Although moving from white-collar to artisanal worker entails risk, most people who do it have the luxury of choice, says the University of SA’s Susan Luckman. That is, they are professionals with assets and means. But if people who can are doing it, it suggests that there are plenty of others who would if only they could, she says.
Luckman’s research suggests a disproportionate number of those opting for the craft life come from families with a connection to making; they’re comfortable with the idea of using their hands.
The artisans whom Good Weekend speak to agree that the secret to success is persistence, hard work, embracing the unknown, and being prepared to fail.”
Where do we “Get Creative” in Business?
“Ara Institute of Canterbury to become more Awesome:
Establishing an ecosystem that will nurture dynamic start-ups, entrepreneurs, and innovators is critical for Christchurch, and Canterbury to strengthen its standing as a region of opportunity. This is one of the primary goals of Christchurch’s newest partnership between Ara Institute of Canterbury and Ministry of Awesome.
On 15th October, Ara Institute of Canterbury and the Ministry of Awesome will unite to establish a jointly powered innovation hub located at Ara’s city campus. The hub forms the cornerstone of Christchurch’s innovation ecosystem and will reinforce its global positioning as a world class start-up, innovation, and tech city. It will create an opportunity for all players in the existing ecosystem to significantly collaborate and enhance the region’s ability to retain and attract the very best global talent.
Chief Awesome Officer, Marian Johnson, says entrepreneurs and high growth start-ups are critical to Christchurch’s success.
‘Ministry of Awesome will continue with the momentum building leadership role we are playing in the start-up and innovation space, but with even greater impact as we partner with Ara’s 19,000-strong learning and knowledge community. This community has huge potential and with access to the Ministry of Awesome’s guidance, capability training and networks, we will grow something extraordinary. The door is wide open for participation. This is a chance for the Canterbury region to collaborate on a whole new level. We want to encourage anyone with an idea, an innovation, or a start-up venture in mind to reach out and join the community,’ says Marian.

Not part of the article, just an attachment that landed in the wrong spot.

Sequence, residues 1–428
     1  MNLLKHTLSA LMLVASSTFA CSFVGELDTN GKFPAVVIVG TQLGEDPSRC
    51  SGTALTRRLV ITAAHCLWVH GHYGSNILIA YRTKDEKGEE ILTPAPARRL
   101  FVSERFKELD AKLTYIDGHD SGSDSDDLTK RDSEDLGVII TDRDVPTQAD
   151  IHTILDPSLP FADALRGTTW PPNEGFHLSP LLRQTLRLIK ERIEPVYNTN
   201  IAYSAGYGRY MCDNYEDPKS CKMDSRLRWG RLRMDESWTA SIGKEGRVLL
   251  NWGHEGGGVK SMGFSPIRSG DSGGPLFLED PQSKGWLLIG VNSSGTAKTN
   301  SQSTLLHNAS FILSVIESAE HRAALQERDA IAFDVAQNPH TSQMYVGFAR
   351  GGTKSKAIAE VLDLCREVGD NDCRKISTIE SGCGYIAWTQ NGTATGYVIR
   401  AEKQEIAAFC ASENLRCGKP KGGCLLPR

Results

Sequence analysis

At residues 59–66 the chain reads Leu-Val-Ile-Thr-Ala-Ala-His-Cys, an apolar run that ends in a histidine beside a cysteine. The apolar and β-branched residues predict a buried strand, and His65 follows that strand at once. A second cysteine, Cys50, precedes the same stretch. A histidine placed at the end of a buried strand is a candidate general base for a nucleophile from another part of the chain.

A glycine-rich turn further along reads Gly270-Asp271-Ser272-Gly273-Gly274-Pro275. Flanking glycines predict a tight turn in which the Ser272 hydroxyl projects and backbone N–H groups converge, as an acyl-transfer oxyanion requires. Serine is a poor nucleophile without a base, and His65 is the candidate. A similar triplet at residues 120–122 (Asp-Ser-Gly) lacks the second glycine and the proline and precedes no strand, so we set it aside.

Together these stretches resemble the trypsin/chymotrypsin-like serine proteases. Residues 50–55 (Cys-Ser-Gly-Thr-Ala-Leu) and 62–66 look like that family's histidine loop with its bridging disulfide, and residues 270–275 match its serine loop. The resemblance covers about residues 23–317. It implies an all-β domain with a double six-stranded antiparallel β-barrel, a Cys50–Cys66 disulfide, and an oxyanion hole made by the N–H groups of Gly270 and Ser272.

Ara Head of Business Department, Michaela Blacklock, says the significance of this partnership to learners at Ara is huge and the possibilities for the Canterbury region are immense.
‘This partnership is not only aligned with the goals of Christchurch NZ – to ignite bold ambition in our city and region, to connect changemakers and to stimulate economic activity – but it will also enable greater consideration of social and community change. It is an exciting time in the region with an abundance of creativity, innovation and big ideas,’ says Michaela.”
“5 Benefits of Community for Entrepreneurs
When you are running a business your business inspiration can come from almost anywhere. However, a few small business owners forget to use one of the most important tools laying at their fingertips. One of the most important tools that you can use is community. In any city there will always be a community to connect with, and as an entrepreneur, you need this. There is the community of small business owners, already established, and full of knowledge, right there in your city. There is a community of entrepreneurs and entrepreneurs in your industry or niche, again, right there in your city.
1. Learning from each other’s mistakes
2. Exchanging tips of the trade
3. Passing on knowledge
4. Making connections
5. Learning new business skills
You can always start your own entrepreneurial group, online or otherwise. There are no rules here, but the benefits will outweigh any hassle it may take to get your community started.”